The eviction process on Monday came after a group of American anti-war activists began moving into the embassy last month.
"The US does not recognise the authority of the former (Nicolas) Maduro regime or any of its former representatives, to allow any individuals to lawfully enter, remain on this property, or take any other action with respect to this property," said the evacuation order.
Guaido's envoys in Washington "have requested and directed anyone who is present on this property to depart from it immediately, and to not return without these ambassadors' express authorisation".
"Any person who refuses to comply with these requests and orders to depart from this property will be trespassing in violation of federal and District of Columbia law and may be arrested or criminally prosecuted," it added.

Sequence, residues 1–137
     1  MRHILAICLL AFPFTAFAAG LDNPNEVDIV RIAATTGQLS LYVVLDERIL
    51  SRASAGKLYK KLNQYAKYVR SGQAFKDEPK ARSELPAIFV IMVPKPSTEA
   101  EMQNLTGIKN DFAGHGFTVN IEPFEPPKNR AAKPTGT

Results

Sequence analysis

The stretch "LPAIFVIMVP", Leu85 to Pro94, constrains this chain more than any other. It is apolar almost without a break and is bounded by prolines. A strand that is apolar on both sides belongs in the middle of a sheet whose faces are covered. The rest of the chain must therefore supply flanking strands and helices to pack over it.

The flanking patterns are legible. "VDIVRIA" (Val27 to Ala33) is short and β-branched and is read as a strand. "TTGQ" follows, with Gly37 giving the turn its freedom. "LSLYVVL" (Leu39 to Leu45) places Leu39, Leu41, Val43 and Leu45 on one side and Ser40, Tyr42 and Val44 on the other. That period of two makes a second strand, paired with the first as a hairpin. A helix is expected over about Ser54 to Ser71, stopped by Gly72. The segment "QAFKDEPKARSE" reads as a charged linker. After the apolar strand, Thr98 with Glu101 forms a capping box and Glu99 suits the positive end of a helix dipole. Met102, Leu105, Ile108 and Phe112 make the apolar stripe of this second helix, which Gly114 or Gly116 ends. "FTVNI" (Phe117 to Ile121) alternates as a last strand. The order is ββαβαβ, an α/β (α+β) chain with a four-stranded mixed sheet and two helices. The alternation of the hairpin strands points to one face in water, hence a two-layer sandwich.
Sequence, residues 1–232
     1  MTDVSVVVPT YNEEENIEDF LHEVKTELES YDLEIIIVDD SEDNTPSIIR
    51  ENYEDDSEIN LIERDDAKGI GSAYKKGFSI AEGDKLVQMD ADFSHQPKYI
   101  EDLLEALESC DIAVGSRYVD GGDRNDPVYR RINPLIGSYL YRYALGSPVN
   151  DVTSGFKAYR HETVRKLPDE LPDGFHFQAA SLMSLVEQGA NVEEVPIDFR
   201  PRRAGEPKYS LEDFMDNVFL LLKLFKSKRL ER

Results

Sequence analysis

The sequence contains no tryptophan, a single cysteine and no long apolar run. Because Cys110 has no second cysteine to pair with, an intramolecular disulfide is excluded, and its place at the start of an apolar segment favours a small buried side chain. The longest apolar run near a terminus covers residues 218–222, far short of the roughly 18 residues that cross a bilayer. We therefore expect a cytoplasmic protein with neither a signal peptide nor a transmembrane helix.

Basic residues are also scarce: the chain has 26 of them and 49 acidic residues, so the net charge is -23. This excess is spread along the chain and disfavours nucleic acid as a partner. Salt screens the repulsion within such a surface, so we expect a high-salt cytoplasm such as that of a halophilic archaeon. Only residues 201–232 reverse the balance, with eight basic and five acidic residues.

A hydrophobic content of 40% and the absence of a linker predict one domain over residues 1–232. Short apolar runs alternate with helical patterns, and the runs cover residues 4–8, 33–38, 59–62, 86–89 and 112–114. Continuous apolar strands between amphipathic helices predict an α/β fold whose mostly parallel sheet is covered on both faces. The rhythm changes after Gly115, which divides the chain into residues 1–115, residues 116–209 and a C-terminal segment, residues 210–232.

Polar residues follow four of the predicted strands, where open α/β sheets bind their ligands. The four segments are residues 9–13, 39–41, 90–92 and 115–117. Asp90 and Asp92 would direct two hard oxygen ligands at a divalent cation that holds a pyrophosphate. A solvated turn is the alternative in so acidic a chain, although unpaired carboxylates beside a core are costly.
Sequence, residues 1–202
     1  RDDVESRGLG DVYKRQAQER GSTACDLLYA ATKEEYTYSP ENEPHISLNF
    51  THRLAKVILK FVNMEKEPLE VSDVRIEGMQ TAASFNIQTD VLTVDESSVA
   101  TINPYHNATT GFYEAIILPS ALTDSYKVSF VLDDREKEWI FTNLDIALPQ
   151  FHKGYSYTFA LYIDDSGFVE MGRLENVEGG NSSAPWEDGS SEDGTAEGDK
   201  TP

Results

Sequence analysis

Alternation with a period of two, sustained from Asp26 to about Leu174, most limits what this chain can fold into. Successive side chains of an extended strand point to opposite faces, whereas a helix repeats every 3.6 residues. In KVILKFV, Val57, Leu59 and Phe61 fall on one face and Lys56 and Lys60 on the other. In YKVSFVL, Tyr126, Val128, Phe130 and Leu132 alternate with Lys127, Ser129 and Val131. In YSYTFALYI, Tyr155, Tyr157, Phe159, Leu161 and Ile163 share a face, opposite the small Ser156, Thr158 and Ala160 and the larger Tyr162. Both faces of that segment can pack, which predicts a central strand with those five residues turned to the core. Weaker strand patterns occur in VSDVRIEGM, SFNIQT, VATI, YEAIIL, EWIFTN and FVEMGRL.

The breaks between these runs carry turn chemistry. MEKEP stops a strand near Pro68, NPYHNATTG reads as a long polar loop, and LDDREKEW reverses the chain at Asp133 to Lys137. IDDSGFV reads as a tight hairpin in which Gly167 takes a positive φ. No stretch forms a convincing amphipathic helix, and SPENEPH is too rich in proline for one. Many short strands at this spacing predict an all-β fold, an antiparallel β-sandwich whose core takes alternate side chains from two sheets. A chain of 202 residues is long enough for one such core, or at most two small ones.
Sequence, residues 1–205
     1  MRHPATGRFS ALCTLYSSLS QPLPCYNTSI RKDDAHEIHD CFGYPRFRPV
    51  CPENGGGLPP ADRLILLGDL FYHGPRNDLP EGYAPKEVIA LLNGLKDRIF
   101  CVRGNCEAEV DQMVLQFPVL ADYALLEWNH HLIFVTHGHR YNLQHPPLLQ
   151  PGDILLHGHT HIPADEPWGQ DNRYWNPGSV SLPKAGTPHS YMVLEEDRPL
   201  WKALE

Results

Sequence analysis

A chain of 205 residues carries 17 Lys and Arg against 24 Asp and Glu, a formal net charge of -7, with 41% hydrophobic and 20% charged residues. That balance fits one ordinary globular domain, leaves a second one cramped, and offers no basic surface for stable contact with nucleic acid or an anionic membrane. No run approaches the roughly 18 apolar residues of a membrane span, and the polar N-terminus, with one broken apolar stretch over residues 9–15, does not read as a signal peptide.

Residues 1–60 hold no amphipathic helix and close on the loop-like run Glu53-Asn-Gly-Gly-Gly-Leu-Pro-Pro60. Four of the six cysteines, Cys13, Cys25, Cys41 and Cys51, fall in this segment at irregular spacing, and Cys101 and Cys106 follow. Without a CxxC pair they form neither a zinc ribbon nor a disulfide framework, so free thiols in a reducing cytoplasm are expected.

Medea Benjamin, one of the founders of the anti-war group Code Pink, had previously told CNN that diplomats from the government of Venezuelan President Nicolas Maduro had given them access to the embassy before they left as the standoff unfolded between Maduro and Guaido.
"The government of the Bolivarian Republic of Venezuela has not authorised the entry of police officers into the former Embassy building in Washington, DC. This intrusion is yet another violation of international law by US authorities and an aggression against Venezuela," Ron, a Maduro official, said in a tweet.
Although some activists have already left the embassy, at least four remained inside, according to Efe news.
There were also pro-Maduro activists outside the building who support those who remain inside the compound.
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